Hospital Mergers and Public Accountability: Tennessee and Virginia Employ a Certificate of Public Advantage

Focus Area:
Sustainable Health Care Costs
Health Care Consolidation

How are states responding to the growing trend of hospital system mergers? As health care consolidation increases, policymakers have to reconcile growing evidence that most consolidations raise prices with the political pressure regulators face to approve these mergers. Some states have responded by issuing certificates of public advantage (COPAs), a legal mechanism through which they can approve mergers that reduce or eliminate competition in return for commitments to make public benefit investments and control health care cost growth. In effect, a COPA creates a state-monitored monopoly—or a public utility model of health care delivery.

This report, written by Erin Fuse Brown of Georgia State University College of Law, describes the experience of Tennessee and Virginia, who used their COPA laws to approve a large health system merger that spanned their state borders.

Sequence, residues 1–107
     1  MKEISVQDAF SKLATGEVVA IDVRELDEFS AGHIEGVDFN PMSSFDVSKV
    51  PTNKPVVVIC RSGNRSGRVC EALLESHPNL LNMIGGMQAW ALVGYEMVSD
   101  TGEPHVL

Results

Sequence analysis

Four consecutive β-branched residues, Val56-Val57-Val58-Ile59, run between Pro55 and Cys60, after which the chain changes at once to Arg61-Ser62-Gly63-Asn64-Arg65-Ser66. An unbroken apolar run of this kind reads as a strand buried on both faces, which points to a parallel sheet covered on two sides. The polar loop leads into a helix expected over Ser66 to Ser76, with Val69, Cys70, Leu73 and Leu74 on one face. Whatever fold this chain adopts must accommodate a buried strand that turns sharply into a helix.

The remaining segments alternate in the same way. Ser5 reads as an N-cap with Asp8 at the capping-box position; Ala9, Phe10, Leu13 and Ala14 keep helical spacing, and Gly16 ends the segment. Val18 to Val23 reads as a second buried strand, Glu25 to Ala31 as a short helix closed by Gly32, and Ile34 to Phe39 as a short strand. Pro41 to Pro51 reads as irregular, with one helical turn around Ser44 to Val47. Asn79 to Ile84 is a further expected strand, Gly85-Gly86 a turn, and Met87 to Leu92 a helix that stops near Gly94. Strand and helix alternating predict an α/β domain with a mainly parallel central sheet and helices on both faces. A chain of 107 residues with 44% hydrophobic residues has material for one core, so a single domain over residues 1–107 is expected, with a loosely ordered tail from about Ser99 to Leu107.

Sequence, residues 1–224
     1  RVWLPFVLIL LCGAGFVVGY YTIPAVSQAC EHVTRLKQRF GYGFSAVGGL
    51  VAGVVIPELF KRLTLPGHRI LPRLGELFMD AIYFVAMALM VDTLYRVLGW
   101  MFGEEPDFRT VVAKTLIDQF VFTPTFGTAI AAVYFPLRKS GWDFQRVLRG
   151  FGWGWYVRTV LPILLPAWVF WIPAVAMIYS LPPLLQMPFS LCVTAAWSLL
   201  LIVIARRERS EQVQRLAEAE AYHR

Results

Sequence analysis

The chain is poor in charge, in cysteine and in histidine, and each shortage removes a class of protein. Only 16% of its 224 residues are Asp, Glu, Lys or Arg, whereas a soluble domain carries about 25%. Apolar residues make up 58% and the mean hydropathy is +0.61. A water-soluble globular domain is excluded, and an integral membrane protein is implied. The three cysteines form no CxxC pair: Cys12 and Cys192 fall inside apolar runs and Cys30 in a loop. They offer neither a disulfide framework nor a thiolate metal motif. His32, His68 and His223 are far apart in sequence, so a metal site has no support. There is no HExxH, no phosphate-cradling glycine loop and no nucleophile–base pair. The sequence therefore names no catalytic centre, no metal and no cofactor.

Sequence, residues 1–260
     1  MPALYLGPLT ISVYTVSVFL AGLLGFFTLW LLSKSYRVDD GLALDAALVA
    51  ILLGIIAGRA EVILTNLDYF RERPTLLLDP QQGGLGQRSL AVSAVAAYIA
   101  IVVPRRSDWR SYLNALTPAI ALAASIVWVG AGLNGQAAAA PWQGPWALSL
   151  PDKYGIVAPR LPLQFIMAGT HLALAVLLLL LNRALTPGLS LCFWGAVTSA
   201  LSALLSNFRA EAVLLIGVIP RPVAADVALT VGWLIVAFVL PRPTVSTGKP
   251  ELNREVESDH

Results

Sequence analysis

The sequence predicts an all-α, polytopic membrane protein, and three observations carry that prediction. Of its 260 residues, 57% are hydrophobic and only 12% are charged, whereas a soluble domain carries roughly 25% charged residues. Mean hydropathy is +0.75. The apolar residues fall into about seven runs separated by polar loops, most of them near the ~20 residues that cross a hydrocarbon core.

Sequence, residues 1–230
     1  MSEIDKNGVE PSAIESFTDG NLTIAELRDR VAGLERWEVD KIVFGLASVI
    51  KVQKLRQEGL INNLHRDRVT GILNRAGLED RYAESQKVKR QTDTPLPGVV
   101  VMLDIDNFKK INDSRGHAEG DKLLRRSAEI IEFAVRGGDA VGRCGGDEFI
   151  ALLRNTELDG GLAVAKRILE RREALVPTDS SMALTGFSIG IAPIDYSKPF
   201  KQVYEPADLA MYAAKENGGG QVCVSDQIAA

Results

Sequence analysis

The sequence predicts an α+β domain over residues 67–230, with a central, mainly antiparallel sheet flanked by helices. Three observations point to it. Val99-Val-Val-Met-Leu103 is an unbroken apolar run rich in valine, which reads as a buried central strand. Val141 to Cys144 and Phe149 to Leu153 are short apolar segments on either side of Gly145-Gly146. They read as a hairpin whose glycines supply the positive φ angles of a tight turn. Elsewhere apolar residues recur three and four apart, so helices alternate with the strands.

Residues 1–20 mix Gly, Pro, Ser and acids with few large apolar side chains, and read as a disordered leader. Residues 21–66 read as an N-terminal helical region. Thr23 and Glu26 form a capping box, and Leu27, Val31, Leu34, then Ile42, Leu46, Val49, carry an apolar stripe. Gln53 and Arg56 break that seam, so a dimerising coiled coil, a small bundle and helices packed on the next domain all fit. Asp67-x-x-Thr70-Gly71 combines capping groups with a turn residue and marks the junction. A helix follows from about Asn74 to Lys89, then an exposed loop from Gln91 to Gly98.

As described in the report, state COPAs represent an important health policy innovation, but also require state regulators to take major responsibilities for ensuring they work properly. Some key policy points:

  • Rural health systems threatened by hospital closures could be shored up by the terms of a COPA.
  • The state(s) need to define what success will look like for a particular COPA.
  • COPAs are resource intensive to establish and oversee.
  • Multi-state coordination is essential for the COPA to achieve consistent results.
  • COPAs carry long-term political risks, and states need to be vigilant.

This report explains how Tennessee and Virginia considered and ultimately issued their COPAs, including the legal authority and commitments secured for approval, and the states’ resources and coordination for on­going supervision. While it’s too early to know what will happen as a result of these states’ COPA decisions, state health policymakers and other stakeholders can learn from Tennessee and Virginia as they address future proposed hospital system mergers.